Body, Mind & Spirit | Page 32 | Omega
Body, Mind & Spirit

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Omega Institute Yoga & Mindfulness for Kids by Jennifer Cohen Harper
What 10 Years of Research Reveals
Yoga and other mindfulness practices have been the subject of an increasing amount of research as they have become more popular in the West. For example, science now supports many of the benefits traditionally associated with yoga practice, including decreased stress and increased physical and emotional wellness. Recent advances in neuroscience confirm that contemplative practices, such as yoga and mindfulness meditation, can change the physical structure of the brain, effectively training it to work in more positive and productive ways. More
Omega Institute Unfolding the Wings of Acceptance by Tara Brach
When we are caught in the trance of unworthiness, we do not clearly recognize what is happening inside us, nor do we feel kind. Our view of who we are is contorted and narrowed and our heart feels hardened against life. As we lean into the experience of the moment—releasing our stories and gently holding our pain or desire—Radical Acceptance begins to unfold. The two parts of genuine acceptance—seeing clearly and holding our experience with compassion—are as interdependent as the two wings of a great bird. Together, they enable us to fly and be free. More
An Interview With Jennifer Cohen Harper
Rob: What originally motivated you to do this work? Has that motivation changed over time? More
Omega Institute 7 Ways to Practice Generosity by Rev. Ed Bacon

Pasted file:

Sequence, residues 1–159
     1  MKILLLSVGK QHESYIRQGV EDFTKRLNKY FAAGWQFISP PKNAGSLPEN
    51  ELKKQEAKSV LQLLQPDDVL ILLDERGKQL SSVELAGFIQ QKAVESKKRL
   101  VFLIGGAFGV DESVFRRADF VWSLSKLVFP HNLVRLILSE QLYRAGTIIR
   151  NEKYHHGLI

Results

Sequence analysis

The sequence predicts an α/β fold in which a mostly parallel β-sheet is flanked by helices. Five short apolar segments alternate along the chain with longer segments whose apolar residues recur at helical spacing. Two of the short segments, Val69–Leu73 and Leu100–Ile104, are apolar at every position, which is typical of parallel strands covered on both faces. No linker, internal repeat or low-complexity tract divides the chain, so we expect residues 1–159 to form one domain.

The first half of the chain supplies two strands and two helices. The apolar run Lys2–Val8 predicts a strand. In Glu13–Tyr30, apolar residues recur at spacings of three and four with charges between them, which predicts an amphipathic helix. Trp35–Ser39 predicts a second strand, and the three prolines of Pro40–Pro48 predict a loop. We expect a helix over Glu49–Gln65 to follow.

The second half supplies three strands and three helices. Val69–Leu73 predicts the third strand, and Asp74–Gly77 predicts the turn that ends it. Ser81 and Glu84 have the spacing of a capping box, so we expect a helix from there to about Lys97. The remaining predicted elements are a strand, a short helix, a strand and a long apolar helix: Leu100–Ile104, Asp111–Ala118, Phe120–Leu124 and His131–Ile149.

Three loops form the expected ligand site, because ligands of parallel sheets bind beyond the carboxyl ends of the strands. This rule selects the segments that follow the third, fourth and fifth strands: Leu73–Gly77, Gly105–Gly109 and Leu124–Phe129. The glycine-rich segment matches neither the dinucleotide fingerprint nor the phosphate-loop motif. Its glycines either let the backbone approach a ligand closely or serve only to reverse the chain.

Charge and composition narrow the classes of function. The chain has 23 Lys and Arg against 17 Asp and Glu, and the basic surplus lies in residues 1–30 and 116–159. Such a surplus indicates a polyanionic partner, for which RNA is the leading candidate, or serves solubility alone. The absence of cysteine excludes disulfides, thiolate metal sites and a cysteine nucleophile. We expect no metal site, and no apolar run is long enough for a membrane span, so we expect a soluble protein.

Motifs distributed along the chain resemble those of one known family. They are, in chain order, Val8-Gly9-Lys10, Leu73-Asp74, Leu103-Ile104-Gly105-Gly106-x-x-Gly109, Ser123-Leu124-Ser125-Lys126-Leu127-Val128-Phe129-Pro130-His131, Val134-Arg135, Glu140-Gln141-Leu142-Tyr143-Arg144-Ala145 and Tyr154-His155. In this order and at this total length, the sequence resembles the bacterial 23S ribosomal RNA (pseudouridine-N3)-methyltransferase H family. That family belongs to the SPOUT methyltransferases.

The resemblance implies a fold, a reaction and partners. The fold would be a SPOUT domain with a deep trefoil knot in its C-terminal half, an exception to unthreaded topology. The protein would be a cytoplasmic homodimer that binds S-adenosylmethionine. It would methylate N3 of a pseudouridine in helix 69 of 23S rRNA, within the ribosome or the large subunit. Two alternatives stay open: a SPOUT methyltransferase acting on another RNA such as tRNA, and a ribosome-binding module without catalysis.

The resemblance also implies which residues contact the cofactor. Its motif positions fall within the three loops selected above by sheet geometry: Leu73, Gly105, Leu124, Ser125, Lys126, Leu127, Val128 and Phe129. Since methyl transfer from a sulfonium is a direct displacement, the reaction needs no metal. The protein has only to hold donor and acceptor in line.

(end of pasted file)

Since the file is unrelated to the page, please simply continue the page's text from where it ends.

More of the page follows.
Fear can lead us to live lives of self-absorption, in which we covet blessings instead of conferring them on others. We find we can’t let go, we assume the worst, we feel insecure, we act without thinking—or perhaps we do not act enough. It is hardly surprising that amid the pressure of day-to-day life and under the yoke of a fearful culture many of us struggle to open our hearts and be generous. More
Omega Institute Living In Illumination by Mirabai Starr
Discovering Love as the Heart of Religion
Ever since I was a little girl, I have been drawn to the living heart of every spiritual tradition I have encountered. Like a night wanderer who comes across a sanctuary in the woods, I peer through the stained-glass window, aching to enter and bow down at the altar I see blazing within. More
Omega Institute You May Be More Resilient Than You Think by Linda Graham
My next-door neighbor has a big, affectionate, 125-pound Malamut named Barney and an eight-year-old granddaughter who adores him. One day, as Samantha was arriving to visit, I watched her run up to Barney to give him a hug. Barney responded exuberantly, licking her face profusely. He was simply greeting her with affection, but Samantha clearly wasn’t prepared for such rough-and-tumble love: she burst into tears. More
Omega Institute What to Bring to a Yoga Retreat
As you prepare for a yoga retreat, here are some essentials you'll want to consider—for your body, mind, and spirit. For Your Mind & Spirit More
Omega Institute Finding Meaning & Purpose at Work
Lessons From the Bhagavad Gita
Written in approximately 200 C.E., the Bhagavad Gita unfolds as a dialogue between a warrior prince named Arjuna and Lord Krishna, who serves as his spiritual guide and charioteer as Arjuna prepares to fight against his own kinsmen to reclaim his kingdom’s throne. Along the way, Krishna and Arjuna discuss the various paths of yoga; the laws of karma; personal dharma; and the purpose of life. Here is Krishna’s advice for finding (and doing) work that really matters in the world, as interpreted by three spiritual teachers: Ram Dass, Sally Kempton, and the late Eknath Easwaran. More
Omega Institute Healing Pain Begins With Breaking Old Patterns by Ana Forrest
We are intensely habitual creatures, and many of our habits don't serve us. Most of us have pain because we've fallen into bad patterns: physical, emotional, and spiritual ones. To heal pain, we need to break those patterns, which can be surprisingly challenging. Don't believe me? Try this: clasp your hands. Look at which thumb and forefinger are on top. Now, interlace your fingers again with the other thumb and forefinger on top. That weird, awkward, uncomfortable feeling? It's called change. And it's hard. More

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